Which Side of Leather for Strop? (Explained)

Leather strop and a barber's blade on top of a leather couch. Which Side of Leather for Strop?

One of the most classic scenes in movies is where the barber or the outlaw strops a blade expertly back and forth along a type of leather. But what is it actually, how does it work, and which side of leather for strop? Take a look to learn all about it.

The strop that you use depends mostly on what you’re sharpening. If you’ve got a knife or a large blade, you’ll want to strop with the suede side of the leather; this will round its bevel. However, if you are dealing with a straight razor, you’ll want to strop using the smooth finished side of the leather to polish and fine-tune.

You’ll want to learn what each side does and how to use them effectively for your knives and blades. Find out below.

What is stropping anyway?

If you aren’t entirely sure about what stropping is, no worries neither was I. Stropping is the process of straightening and polishing a blade. It will bend the teeth of the knife (which are invisible to the eye) back into place. If you don’t strop your blade, it will dull over time, no matter how often you sharpen it.

What are the two sides of a strop for?

If you look closely at a leather strop, you’ll notice that it has a smooth finished leather side and a fuzzy suede size. Which do you use? You can use either of them, which is why your strops will have both to choose from!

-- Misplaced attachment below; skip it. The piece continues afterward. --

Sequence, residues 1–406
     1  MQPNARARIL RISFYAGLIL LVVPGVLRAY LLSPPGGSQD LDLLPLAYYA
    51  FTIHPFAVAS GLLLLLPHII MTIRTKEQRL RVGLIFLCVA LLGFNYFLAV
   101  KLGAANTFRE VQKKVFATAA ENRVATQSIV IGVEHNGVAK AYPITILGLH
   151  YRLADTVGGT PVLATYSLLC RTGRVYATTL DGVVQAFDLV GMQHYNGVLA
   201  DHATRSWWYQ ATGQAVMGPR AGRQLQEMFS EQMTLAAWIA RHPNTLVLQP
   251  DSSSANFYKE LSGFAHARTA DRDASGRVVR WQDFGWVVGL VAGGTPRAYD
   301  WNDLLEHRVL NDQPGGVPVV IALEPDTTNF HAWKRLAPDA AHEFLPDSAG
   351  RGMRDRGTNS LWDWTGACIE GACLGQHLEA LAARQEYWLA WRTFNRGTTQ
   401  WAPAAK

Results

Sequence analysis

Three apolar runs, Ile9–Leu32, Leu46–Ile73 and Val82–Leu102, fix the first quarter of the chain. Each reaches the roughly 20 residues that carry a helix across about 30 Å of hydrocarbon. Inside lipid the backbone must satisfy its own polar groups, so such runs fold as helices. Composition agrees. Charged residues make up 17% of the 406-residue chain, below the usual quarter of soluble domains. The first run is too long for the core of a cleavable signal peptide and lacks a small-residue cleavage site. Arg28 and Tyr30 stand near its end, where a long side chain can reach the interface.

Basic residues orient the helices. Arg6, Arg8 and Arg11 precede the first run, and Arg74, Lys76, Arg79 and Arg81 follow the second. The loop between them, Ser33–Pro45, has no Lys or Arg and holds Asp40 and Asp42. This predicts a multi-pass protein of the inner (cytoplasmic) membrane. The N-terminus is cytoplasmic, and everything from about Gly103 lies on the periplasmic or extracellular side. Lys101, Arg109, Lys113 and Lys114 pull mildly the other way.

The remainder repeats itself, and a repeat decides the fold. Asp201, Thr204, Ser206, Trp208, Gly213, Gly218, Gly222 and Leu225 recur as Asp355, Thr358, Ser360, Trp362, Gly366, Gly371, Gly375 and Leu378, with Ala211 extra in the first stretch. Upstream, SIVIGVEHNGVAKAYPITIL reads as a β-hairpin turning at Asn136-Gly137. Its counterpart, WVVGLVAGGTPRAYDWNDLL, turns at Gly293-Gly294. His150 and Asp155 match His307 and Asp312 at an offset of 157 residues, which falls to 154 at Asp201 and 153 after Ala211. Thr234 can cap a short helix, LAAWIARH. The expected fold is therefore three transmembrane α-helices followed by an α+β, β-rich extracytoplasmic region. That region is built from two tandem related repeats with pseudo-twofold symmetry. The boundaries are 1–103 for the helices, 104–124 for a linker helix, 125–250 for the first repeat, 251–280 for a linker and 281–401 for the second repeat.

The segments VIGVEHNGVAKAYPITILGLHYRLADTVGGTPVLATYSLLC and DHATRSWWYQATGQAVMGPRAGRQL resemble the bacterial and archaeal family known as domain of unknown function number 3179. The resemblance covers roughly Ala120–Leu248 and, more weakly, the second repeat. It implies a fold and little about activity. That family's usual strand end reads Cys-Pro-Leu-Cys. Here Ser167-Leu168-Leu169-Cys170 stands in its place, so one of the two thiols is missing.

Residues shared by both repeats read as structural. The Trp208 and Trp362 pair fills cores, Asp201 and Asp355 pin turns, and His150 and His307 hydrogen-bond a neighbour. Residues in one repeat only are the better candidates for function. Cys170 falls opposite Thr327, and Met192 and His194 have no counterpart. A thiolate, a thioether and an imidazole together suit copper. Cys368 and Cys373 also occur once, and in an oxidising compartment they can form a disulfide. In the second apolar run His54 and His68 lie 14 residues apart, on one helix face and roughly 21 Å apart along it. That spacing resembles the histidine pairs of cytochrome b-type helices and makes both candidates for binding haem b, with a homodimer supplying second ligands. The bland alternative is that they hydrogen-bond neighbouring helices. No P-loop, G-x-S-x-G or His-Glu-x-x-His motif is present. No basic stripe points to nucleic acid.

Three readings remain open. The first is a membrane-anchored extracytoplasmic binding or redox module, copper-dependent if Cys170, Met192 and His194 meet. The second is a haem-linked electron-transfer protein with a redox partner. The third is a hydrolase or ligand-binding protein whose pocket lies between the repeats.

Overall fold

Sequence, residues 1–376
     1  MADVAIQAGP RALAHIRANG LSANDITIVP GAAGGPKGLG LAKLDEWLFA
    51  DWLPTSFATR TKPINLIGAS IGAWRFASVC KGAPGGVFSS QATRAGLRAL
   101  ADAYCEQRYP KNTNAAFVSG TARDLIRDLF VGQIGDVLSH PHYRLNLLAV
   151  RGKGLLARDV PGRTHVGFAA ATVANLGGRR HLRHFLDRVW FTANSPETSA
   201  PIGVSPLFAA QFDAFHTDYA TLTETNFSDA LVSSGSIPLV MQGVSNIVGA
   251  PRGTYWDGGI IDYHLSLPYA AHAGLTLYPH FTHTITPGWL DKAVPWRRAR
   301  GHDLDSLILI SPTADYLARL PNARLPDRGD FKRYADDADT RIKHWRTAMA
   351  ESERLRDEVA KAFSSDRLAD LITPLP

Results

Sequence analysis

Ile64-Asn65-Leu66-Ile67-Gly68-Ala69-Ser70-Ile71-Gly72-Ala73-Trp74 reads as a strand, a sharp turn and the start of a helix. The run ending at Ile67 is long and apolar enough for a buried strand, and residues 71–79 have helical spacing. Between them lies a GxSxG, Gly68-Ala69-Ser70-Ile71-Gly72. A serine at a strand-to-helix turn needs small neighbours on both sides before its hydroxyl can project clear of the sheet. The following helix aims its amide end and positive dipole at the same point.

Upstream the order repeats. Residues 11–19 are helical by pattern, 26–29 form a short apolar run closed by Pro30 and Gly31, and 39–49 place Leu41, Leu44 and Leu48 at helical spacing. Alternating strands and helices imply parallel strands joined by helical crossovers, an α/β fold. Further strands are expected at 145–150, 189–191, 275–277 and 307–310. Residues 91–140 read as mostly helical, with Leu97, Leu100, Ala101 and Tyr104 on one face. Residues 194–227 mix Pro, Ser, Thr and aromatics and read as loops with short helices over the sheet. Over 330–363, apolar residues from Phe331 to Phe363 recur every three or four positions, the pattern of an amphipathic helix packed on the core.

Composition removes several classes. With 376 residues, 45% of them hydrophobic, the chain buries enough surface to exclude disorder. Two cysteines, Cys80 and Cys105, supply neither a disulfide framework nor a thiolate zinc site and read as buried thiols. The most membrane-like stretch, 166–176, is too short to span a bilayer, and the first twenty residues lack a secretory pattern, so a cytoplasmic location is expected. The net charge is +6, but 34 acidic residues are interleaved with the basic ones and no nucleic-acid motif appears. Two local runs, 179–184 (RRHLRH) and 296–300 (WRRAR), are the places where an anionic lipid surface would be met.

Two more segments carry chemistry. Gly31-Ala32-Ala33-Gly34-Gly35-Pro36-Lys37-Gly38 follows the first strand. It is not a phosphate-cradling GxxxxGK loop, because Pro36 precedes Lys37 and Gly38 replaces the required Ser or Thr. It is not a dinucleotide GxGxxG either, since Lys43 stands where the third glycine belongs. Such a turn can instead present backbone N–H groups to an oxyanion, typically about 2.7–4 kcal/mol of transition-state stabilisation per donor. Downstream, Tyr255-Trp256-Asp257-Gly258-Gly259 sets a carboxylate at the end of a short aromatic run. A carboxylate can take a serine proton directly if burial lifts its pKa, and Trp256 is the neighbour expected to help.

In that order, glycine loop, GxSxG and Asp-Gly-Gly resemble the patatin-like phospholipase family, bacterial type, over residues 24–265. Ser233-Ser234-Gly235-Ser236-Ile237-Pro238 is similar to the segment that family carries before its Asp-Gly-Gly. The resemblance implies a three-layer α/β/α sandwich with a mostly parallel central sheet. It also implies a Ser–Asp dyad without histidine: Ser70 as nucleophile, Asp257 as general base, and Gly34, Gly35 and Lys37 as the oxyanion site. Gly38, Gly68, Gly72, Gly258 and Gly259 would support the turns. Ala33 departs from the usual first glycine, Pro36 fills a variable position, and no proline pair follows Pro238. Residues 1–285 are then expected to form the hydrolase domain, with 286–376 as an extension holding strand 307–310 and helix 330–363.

The smooth side of the leather strop is best for polishing low-angled straight razors. It’s been used throughout history to keep those seemingly eternal straight razors as sharp and polished as possible. This is where most of our imagery comes from!

As I mentioned earlier, the suede side of your strop is for resetting the blade teeth. For those using classic knives and blades, the suede side tends to be the most popular. 

If you’ve got a strop with a canvas side on the underside of your smooth leather, don’t worry! This is used for coarse edge alignment (like the suede side does), so you’ll still be able to rely on your strop for your classic blades.

Can I use a leather belt as a strop?

If you’re camping or otherwise and have forgotten your strop at home (doh!), then you can use your leather belt as a strop! In fact, a leather belt is an excellent strop since it has both sides available, and you tend to always have one on you — literally.

While a leather belt can double as a strop in a pinch, you shouldn’t necessarily rely on it for a strop replacement. A purpose-designed strop is still your best choice for your blades, so you won’t risk harming your expensive and beloved leather belt!

Curious to learn more about leather belts? I wrote about what type of leather is best for belts so you can get familiar with all of the essentials!

Can I use any leather for a strop?

Leather has been used for stropping for generations, as I mentioned. That means that you can use any leather for stropping, right? Sort of. Your choices are vegetable-tanned leather or classic chromium-tanned leather.

Vegetable-tanned leather is your best choice for a natural abrasive when you want to help restore any out-of-alignment teeth and burrs. A classic chemical-tanned piece of leather will be your best choice for stropping without a compound. So, it’s a matter of choosing what’s best for you and your preferences.

Types of leather strops

There are several types of leather strops available for you to choose from when you’re looking at getting the right one for your household and general comfort of use.

Paddle strops